Time Out Amsterdam, december 2008
Suspicious looking yellow-toned drinks are everywhere this time of year. Our culinary adventurer, Klary Koopmans, sorts out one nog from the next
Eggs and booze would seem an unlikely combination, but throughout history people have been brave enough to combine the two, though the results often look dubious. Egg-thickened alcoholic drinks can be found all over the world - from Puerto Rican coquito, Mexican rompope and German Eierpunsch to Dutch advocaat, American eggnog and British posset... all these thick, creamy and sweet (but quite potent) concontions seem to cross the line between dessert and cocktail.
One story tells us how Dutch and Portuguese colonists in Latin America encountered a drink made with avocado in the 17th century. They added sugar and alcohol to it. But when they got back to Europe and tried to replicate the recipe, they had to substitute eggs for the avocado - hence the Dutch name for egg liqueur: advocaat. This drink then travelled back to the US and became one of the great American Christmas traditions: eggnog.
For this month´s culinary adventure we tried various versions of these eggy, boozy drinks. We wondered: is home made better than shop bought? And how different is American eggnog from Dutch advocaat?
My eggnog recipe came from an American friend, who has been making this same nog by the gallon for decades. The advocaat recipe was provided by Time Out Amsterdam´s Food & Drink editor, Karin Engelbrecht, and I was excited to try it as it was different from my family recipe (more eggs, less alcohol). Finally, the kandeel (a spiced version of advocaat made with wine instead of brandy, traditionally served to postpartum women and the guests who come to see the newborn baby) recipe was an amalgamation of various Internet instructions. I got all my supplies at liquor store Ton Overmars (Hoofddoprplein 11) where the staff helped me to choose the right bourbon, rum, advocaat and brandewijn (Dutch brandy) for my adventure.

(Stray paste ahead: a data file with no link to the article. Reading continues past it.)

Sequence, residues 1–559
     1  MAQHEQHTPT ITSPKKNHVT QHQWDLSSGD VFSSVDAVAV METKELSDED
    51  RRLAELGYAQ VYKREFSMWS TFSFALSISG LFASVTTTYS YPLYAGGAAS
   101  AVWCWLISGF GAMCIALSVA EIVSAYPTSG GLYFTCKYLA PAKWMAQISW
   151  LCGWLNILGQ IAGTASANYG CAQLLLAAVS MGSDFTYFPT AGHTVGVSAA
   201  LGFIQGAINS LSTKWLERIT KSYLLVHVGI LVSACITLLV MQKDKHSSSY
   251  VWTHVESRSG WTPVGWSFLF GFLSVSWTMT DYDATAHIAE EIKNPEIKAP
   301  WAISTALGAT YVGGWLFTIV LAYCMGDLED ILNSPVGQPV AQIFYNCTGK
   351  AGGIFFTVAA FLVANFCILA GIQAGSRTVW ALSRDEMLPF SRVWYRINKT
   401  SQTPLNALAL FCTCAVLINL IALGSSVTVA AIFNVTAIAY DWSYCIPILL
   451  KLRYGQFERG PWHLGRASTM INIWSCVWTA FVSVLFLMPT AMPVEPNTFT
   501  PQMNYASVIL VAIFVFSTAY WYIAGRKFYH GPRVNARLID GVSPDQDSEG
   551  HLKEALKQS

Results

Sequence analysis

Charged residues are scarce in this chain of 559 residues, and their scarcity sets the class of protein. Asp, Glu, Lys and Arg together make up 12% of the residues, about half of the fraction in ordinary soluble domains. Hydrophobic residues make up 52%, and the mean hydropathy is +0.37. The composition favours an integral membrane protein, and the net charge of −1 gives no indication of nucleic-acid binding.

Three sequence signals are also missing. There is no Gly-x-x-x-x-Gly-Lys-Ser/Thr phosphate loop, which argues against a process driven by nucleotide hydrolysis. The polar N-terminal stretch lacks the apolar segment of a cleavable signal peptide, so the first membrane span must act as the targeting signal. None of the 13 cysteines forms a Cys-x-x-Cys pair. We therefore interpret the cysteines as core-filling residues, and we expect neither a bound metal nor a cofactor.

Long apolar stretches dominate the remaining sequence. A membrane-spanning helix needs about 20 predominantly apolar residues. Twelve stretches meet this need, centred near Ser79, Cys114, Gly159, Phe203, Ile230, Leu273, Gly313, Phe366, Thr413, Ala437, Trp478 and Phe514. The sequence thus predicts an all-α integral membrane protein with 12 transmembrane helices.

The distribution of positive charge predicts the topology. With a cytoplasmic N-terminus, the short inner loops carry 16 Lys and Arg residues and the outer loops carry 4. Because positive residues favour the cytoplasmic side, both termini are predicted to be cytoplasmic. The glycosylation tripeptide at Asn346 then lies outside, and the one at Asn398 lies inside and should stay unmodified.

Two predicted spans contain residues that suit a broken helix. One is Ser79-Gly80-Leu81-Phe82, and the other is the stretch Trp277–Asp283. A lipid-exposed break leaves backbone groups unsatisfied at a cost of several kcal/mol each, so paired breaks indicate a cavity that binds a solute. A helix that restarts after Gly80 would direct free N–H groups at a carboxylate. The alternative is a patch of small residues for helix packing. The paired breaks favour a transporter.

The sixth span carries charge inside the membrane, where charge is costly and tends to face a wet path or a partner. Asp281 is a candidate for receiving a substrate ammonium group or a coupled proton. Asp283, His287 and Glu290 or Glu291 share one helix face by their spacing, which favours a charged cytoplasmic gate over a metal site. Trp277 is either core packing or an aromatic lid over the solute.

My American friend told me to whip up the nog right before tasting, but the advocaat and kandeel had to be prepared in advance. Thanks to my busy schedule, this meant that I was stirring up (and tasting!) a batch of boozy custard before breakfast.
The biggest difference between eggnog and its Dutch cousins is that the advocaat and kandeel are cooked, whereas the eggnog gets its creaminess from whipped egg whites, milk, and cream. Another difference is the ratio of eggs to spirits: the almost unpourable advocaat had 10 yolks to 1,5 cup of brandy, the nog had 6 eggs to over a pint of bourbon, and the kandeel had a bottle of whine thickened with only 5 yolks. Consequently, eggnog and kandeel are thin enough to drink, while advocaat is really only suitable for eating with a spoon.
The half-dozen lucky testers at the Time Out Amsterdam offices (an excuse for a pre-holiday party for the staff) had different home made and shop-bought versions to try: from pale yellow, foamy eggnog to the thick, almost fluorescently yellow factory-made advocaat.
As a European I grew up with advocaat, which was considered the ´women´s drink´(served in small glasses and topped with whipped cream) at family gatherings at my grandparents´ house, while the men sipped their jenever. The little spoonfuls my grandmother gave me to try may have looked just like vanilla custard, but the effect was very different - it made me feel all warm and tingly inside.
I had never made or tasted a true eggnog. Fortunately, the Americans present pronounced it to be a ´pretty good one´. I loved this frothy sweet drink, with spicy nutmeg sprinkled liberally on top. But my favorite of this tasting was the home made advocaat. A beautiful golden yellow and with a nice kick from the alcohol, it´s the drink to try this Christmas: maybe alongside your bowl of eggnog, or for dessert with ice cream. But however you plan to serve it, don´t make it first thing in the morning - unless you like brandied eggs for breakfast.